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Culture War Roundup for the week of April 24, 2023

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What changed in Western societies during the last century that lead to wide scale acceptance of non-white people?

It was imposed by law. You haven't seen photos of 101st Airborne escorting blacks into a white school ?

The US constitution was replaced by the Civil Rights Act, and over the next fifty years, activists were busily using state power to browbeat anyone opposed into compliance.

The government decided people can't segregate themselves by law, so they're now doing it financially. Federal government is disappointed, and has now resorted to mandating better loan conditions for people with worse credit scores.

I think these changes have been very positive on the whole

You think these changes have been very positive.

Ask whites in London or Paris how happy they're about these 'changes'.

The 'elites' in Europe are so braindead and so feckless in face of 'human rights activists' the continent is no doubt going to be taking in expected Bantu immigration waves by tens of millions, and within thirty years, the benefits of black bodies is going to be felt in every city from Madrid to Moscow.

The Civil Rights Act was passed by democratically elected legislature, the 101st was deployed by a democratically elected president. People have had fifty years to organize a majority to overturn the civil rights act and it remains broadly popular. It was legally imposed by the majority of the country on the South for sure, but why did the rest of the country support it?

It's interesting we've switched from 'politics is downstream of culture' to 'culture is downstream of politics' and politics is just whatever elites decide.

People have had fifty years to organize a majority to overturn the civil rights act and it remains broadly popular.

People, including a lot of people in the south, genuinely wanted it to work and expended a great deal of effort to make that happen. It's a shame it failed so absolutely, by the objective standards and definitions of its proponents. The social cohesion that made such an effort possible was burned in the process, and such efforts have little chance of being repeated. Instead you get metastasizing cynicism, withdrawal, polarization and extremism... But hey, how'd one of the old-timers here put it recently: Blues don't get held accountable for being wrong, or for the harm their bullshit causes. Fifty years later, they've written all the histories, so few remember what actually happened. It's a brilliant strategy that works marvelously right up until it abruptly doesn't.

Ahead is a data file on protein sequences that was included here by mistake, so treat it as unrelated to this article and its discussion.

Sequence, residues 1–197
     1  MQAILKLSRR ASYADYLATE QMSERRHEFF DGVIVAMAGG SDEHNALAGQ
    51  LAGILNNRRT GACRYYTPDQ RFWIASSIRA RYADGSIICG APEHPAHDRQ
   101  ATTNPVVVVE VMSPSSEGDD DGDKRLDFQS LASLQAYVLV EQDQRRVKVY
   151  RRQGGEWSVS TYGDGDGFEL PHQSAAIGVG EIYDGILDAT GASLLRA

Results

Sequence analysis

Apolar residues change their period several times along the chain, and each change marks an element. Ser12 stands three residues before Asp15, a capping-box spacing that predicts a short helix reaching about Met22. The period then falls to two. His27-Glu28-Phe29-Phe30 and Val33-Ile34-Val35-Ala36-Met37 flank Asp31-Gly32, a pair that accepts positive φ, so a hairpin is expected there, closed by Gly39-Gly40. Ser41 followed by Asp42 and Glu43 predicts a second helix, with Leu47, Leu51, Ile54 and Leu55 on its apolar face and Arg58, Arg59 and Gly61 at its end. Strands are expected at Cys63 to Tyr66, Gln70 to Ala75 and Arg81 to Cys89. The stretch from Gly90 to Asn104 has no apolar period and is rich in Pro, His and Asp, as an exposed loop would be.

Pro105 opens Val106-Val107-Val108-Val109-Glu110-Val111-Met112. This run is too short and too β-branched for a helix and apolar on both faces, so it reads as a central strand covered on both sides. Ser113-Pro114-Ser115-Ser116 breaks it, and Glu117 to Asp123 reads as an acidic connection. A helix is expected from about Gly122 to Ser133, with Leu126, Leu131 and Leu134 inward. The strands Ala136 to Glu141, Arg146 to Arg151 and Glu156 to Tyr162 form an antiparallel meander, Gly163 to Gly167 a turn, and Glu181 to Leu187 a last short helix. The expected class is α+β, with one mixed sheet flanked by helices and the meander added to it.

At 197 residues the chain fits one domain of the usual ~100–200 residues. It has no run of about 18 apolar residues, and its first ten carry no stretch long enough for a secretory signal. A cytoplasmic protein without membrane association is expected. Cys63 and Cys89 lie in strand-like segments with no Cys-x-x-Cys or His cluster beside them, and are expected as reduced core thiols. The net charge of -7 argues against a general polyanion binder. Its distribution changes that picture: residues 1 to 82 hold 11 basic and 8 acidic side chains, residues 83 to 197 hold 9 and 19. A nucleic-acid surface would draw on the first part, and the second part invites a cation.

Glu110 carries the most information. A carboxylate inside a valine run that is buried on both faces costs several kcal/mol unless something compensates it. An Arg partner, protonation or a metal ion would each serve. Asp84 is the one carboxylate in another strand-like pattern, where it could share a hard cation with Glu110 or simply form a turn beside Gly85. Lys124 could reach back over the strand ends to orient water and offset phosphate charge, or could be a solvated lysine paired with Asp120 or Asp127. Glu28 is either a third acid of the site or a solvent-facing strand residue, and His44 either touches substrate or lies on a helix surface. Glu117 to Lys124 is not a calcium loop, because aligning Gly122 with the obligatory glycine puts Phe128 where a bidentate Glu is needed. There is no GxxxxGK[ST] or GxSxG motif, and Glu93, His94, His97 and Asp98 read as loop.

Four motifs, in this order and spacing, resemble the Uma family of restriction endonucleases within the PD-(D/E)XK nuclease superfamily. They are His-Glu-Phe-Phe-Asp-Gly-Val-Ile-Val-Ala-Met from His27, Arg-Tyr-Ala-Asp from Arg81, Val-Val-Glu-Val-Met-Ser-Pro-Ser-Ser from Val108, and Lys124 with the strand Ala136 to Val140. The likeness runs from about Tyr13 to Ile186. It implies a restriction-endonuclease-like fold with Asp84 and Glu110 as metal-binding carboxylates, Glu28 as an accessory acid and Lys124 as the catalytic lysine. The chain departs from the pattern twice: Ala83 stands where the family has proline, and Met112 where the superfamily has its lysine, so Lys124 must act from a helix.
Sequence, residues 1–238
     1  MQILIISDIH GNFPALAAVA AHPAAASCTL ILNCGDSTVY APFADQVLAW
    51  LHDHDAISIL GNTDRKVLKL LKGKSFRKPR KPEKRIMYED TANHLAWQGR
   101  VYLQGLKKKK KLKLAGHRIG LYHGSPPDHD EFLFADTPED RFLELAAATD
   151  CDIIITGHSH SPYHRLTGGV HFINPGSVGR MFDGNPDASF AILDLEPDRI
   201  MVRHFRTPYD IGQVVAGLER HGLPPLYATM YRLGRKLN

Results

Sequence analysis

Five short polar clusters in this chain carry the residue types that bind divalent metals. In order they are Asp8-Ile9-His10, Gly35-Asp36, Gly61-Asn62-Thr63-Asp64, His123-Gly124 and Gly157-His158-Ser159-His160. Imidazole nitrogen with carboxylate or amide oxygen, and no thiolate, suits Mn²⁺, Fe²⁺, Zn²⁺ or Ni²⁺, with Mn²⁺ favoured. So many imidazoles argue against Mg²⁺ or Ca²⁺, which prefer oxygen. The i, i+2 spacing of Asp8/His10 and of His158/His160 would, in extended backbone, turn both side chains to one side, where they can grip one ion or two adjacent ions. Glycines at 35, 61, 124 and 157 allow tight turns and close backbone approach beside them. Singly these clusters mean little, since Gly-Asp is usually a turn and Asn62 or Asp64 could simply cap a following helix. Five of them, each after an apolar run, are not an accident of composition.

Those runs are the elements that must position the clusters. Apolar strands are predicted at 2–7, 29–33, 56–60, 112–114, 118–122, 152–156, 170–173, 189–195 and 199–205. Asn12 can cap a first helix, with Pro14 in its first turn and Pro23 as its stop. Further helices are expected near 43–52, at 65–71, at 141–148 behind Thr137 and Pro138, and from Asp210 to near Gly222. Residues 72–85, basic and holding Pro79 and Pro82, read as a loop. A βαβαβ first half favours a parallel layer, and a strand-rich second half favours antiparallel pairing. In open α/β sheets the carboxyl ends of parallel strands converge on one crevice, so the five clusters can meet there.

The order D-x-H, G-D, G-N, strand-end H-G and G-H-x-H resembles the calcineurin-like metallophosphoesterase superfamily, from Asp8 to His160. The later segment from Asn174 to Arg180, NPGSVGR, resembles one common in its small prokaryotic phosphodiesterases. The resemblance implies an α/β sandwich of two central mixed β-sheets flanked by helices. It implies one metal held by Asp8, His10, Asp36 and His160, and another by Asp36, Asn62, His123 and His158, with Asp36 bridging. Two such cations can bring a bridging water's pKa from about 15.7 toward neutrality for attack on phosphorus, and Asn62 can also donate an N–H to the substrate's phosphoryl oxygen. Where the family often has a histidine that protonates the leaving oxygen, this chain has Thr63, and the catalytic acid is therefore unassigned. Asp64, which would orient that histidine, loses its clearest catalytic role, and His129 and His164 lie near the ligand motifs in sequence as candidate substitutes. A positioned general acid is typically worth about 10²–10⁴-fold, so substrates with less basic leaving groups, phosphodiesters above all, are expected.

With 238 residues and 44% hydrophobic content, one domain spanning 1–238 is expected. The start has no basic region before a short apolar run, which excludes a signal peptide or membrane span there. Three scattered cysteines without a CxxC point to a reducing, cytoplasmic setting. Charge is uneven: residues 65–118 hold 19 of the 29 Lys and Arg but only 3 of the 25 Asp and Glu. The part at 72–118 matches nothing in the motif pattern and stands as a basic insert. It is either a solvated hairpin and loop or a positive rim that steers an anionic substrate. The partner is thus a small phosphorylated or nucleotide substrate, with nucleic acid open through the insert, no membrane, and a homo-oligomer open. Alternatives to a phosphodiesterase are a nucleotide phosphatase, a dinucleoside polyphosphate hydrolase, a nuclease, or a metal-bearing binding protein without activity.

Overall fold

How is "failure" being defined here?

Put very simply and rather reductively, Black people wanted better outcomes and an end to discrimination and racism, and white people wanted an end to black dysfunction and rioting.

Black outcomes are measured relative to white outcomes, and by that standard, their outcomes have not improved much if at all. They still have much worse educational outcomes, economic outcomes, marriage outcomes, vastly higher crime rates, vastly higher rates of single-parenthood, and on and on.

We've engaged in heroic levels of social engineering to try to eliminate discrimination and racism. To the extent that such elimination is actually possible, I'd say we've done it. Approval of interracial marriage is probably a good proxy here, and we've gone from supermajority disapproval to lizardman-constant disapproval. It doesn't seem to have mattered; black outcomes didn't improve, and blacks and their allies don't appear to perceive a substantive improvement, don't perceive that their demands have been satisfied. Usually in discussions like this one, people focus on the changes made, and ignore the deeper outcomes those changes were attempting to secure.